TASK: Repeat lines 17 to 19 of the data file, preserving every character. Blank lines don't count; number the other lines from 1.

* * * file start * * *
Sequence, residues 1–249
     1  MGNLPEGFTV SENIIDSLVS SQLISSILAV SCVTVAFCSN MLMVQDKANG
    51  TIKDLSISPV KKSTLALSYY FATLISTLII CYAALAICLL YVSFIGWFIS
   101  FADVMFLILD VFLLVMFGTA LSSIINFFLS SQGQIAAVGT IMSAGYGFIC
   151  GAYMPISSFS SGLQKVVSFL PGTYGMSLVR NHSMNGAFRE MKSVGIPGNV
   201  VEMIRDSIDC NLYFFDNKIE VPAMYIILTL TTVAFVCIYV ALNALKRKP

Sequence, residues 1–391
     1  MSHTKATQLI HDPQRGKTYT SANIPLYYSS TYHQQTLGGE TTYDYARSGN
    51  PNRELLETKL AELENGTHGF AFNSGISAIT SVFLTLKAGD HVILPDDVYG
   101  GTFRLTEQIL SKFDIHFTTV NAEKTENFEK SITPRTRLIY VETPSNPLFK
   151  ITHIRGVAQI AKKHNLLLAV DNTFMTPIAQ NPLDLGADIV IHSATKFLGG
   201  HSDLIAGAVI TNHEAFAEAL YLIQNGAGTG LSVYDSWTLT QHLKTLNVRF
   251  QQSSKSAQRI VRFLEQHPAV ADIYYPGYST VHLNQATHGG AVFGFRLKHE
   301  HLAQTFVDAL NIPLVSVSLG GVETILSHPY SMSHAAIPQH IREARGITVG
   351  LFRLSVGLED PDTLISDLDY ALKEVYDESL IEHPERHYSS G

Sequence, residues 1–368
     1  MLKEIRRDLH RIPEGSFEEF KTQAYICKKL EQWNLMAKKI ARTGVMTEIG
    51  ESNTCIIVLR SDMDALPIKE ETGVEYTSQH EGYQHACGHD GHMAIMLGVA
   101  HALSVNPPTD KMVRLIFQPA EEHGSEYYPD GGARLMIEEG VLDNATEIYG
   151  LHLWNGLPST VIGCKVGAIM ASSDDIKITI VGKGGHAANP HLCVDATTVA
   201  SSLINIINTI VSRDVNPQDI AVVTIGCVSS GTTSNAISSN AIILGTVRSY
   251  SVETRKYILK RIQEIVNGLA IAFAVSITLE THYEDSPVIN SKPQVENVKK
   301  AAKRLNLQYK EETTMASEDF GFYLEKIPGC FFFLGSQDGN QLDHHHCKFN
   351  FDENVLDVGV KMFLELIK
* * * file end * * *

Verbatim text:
     1  MLKEIRRDLH RIPEGSFEEF KTQAYICKKL EQWNLMAKKI ARTGVMTEIG
    51  ESNTCIIVLR SDMDALPIKE ETGVEYTSQH EGYQHACGHD GHMAIMLGVA
   101  HALSVNPPTD KMVRLIFQPA EEHGSEYYPD GGARLMIEEG VLDNATEIYG